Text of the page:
EP Review: Jane in Space’s Gorerunner
This industrial rock EP is a small yet inventive package.
We’ve got another electronic release for you today. This time, it’s Jane in Space’s EP, Gorerunner. I’ve heard this is electro-industrial, which immediately brings up comparisons of Front Line Assembly, Skinny Puppy, Front 242, et cetera. The description says otherwise: “Gorerunner takes the torch lit by industrial giants Nine Inch Nails and Ministry and provides the manic genre a fresh sound for our current age.“
Ministry and Nine Inch Nails are both industrial rock, so we’ll see which one it actually is. Regardless, I am excited to hear this.
First up is the opening track, “Little Raurus”. This one is really short, just over two minutes. It reminds of stoner rock honestly with the deep, bass-y riffs, but the sample-filled brooding electronics are definitely a hallmark of electro-industrial. Interesting track, but the ending cutting off so suddenly is very jarring. I think this album is supposed to be listened to in a playlist rather than individually.
Next up is “Eat Your Face”. Poppy vocals contrast with dark electronics and noise accents, like an inversion of a radio-friendly hit. The vocal progression strangely reminds me of And One’s “Military Fashion Show”. There’s also an interesting little guitar solo to spice things up.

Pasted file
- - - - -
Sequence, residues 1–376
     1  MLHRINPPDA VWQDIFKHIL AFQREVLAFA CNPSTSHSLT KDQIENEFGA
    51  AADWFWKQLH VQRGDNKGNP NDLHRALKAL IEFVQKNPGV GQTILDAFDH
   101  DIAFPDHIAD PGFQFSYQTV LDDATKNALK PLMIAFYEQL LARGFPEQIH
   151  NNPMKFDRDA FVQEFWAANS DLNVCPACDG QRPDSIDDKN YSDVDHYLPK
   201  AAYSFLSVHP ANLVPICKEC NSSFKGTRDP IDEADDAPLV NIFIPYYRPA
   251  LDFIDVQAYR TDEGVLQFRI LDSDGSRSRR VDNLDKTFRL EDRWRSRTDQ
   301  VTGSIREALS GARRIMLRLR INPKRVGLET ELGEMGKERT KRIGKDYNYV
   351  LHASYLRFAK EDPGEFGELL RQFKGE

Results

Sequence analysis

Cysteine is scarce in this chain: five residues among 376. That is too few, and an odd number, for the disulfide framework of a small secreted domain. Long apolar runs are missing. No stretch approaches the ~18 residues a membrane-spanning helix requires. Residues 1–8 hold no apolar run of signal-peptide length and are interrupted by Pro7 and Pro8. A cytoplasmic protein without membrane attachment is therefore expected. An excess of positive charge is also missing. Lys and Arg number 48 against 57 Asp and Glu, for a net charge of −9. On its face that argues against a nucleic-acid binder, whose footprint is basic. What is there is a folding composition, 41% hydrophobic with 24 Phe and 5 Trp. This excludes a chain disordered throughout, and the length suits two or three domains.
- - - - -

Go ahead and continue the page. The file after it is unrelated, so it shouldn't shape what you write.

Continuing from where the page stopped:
The opening of “Full Stop” has a jagged beat similar to Front Line Assembly’s “Dissension”, before transitioning to metallic percussion and piano accents. However, there’s not much variety throughout the track, as it’s more of a ballad than a pure industrial track.
Where “Full Stop” had some elements of a ballad,”Breaking Glass” is definitely a full ballad. Clear piano, melodic vocals, barely any industrial elements. There’s an ambient break in the middle, which redeems it slightly, but I feel this is a filler track through and through.
“Gorerunner” brings back the dark electric sound, with electronic kick drums and noise elements. So far, this is the purest industrial track sonically, and I really like the synthesized flute as well. Another great song with a synthesized flute is Biopsyhoz’s “ИМЕТЬ”. Best song on the EP so far.
The final track, “Thru the Virus” is a moody rock piece. The guitar tone has the stoner rock-esque sound again, and is accompanied by an industrial texture in the background. Similar to the first track.
This was an interesting little EP. Not necessarily electro-industrial (I am a genre stickler after all), but more along the lines of experimental industrial rock. Most of the songs had interesting aspects, with the exception of Breaking Glass, so fans of post rock, industrial rock, or experimental rock in general should enjoy this.
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